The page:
Alternatives to Hydrogen Peroxide

Now that we’ve determined that hydrogen peroxide is not safe for use on the skin, where does that leave us? Fortunately, there are safer and more effective treatments for common skin problems like acne and scrapes. 


Because hydrogen peroxide can be irritating to the skin and make acne worse, talk with your dermatologist about better options. Benzoyl peroxide and salicylic acid have both been proven to improve acne symptoms without significant skin irritation. Unlike hydrogen peroxide, benzoyl peroxide forms a film on the skin and continues to fight acne hours after it’s applied.


For minor cuts and scrapes, ditch the hydrogen peroxide bottle and stick with soap and water. Wash the wound with water and gentle soap. Then pat it dry with a clean towel, apply an antibacterial gel, and cover it with a Band-Aid. For larger or more serious cuts, see a healthcare provider for stitches and cleaning.

Skin Lightening

To help treat and prevent dark spots, sunscreen is your new best friend. Dark spots and age spots are usually related to exposure to ultraviolet (UV) rays from the sun. Wearing sunscreen daily can prevent your dark spots from getting worse and prevent new ones from forming as well.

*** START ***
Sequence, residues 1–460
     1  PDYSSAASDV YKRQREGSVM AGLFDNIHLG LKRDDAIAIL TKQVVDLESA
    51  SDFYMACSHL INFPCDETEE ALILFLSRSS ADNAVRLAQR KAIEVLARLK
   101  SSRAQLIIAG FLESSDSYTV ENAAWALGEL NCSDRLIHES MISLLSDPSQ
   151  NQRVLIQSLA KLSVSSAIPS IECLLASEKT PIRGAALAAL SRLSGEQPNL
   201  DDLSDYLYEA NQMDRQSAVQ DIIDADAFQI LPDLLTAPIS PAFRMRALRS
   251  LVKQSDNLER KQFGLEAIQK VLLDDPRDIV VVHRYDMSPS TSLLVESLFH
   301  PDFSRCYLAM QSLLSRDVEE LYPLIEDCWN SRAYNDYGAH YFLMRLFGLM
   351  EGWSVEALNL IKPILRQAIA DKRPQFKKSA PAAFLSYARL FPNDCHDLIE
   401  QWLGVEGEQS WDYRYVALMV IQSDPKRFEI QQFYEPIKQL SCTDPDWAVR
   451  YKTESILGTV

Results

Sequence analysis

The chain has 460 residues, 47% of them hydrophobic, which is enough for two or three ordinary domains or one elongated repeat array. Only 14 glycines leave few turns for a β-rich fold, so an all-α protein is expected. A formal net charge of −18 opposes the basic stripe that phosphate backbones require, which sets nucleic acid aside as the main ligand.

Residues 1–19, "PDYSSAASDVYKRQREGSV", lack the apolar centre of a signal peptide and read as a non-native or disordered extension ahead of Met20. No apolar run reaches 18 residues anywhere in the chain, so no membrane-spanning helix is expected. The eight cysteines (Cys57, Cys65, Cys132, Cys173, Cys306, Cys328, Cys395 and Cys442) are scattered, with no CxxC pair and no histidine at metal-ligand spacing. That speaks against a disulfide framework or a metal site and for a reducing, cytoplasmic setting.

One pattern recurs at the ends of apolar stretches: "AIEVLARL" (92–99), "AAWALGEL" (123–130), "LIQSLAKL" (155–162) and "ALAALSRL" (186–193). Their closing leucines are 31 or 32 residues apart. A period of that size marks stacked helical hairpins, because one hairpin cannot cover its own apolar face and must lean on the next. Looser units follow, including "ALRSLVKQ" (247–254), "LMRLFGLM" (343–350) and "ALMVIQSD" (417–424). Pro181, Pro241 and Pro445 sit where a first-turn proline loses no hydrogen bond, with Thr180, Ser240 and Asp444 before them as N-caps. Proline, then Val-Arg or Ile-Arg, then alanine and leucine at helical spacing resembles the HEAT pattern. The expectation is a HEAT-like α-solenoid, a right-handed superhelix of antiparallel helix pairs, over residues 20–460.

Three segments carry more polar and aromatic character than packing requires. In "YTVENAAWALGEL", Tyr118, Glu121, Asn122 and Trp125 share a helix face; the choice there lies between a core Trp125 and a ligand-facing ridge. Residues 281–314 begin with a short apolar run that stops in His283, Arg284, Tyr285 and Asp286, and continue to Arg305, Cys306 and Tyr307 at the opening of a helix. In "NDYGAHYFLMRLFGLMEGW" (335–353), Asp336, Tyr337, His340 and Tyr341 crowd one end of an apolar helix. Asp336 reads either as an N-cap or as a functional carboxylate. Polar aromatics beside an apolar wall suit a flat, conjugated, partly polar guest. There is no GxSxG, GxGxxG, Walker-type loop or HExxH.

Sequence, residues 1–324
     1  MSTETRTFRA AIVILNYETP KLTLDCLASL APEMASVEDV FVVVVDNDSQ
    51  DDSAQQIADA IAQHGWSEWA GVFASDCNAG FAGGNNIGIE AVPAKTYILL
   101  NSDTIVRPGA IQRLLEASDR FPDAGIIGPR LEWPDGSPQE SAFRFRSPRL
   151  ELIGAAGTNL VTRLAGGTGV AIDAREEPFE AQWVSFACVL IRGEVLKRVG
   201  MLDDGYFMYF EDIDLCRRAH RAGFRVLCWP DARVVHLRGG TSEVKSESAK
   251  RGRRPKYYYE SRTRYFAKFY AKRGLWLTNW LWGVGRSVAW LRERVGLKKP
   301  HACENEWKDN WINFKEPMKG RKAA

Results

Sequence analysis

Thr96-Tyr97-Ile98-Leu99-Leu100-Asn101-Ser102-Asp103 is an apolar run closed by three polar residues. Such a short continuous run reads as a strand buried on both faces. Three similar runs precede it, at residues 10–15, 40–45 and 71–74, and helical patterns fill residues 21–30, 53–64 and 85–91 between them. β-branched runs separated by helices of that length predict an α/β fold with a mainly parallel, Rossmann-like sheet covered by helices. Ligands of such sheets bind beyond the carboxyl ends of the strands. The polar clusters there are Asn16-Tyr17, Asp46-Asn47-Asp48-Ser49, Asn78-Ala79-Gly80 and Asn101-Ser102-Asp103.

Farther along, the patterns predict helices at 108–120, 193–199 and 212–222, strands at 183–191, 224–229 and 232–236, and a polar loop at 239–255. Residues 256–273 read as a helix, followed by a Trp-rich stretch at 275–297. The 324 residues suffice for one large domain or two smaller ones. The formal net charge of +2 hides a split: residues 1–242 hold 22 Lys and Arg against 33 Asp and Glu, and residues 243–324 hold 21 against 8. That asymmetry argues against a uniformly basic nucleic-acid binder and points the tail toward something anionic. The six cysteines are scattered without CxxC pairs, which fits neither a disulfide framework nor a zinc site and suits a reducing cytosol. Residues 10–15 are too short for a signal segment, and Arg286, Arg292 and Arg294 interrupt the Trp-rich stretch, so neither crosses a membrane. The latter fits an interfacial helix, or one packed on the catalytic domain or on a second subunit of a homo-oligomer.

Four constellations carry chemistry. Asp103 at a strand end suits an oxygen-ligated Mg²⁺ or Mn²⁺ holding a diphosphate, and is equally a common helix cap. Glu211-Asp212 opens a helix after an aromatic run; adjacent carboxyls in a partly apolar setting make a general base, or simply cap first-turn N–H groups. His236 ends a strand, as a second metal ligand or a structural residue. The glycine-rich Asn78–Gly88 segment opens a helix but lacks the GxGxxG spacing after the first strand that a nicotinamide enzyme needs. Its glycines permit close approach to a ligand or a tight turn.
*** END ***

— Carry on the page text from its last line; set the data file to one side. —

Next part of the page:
To lighten the dark spots you already have, look for an over-the-counter product that contains retinol, vitamin C, 2% hydroquinone, azelaic acid, glycolic acid, or kojic acid. These ingredients can help reduce the amount of melanin in your skin, which leads to a darkened appearance. Your dermatologist will also be able to help address any skin pigment issues.

Better Uses for Hydrogen Peroxide

If you have a bottle of hydrogen peroxide sitting in the back of your closet, don’t throw it out just yet. While it shouldn’t be used on the skin, hydrogen peroxide is an excellent disinfectant and can be used on common surfaces like counters, doorknobs, and garbage cans. Use it in the kitchen to disinfect cutting boards and wash produce. Because of its bleaching capabilities, hydrogen peroxide can be used to remove stains and whiten tile grout. Be sure to store it in a cool, dry place and out of reach of children. 

A Word From Verywell

Hydrogen peroxide is a chemical agent that is an effective disinfectant and bleach. It should not be used on the skin because of risks like skin irritation and altered wound healing. Seek alternative treatments for acne, wound cleansing, and hyperpigmentation, but keep hydrogen peroxide around for household cleaning and lightening needs. If you are concerned that you may have swallowed or inhaled it, call poison control or seek emergency care right away.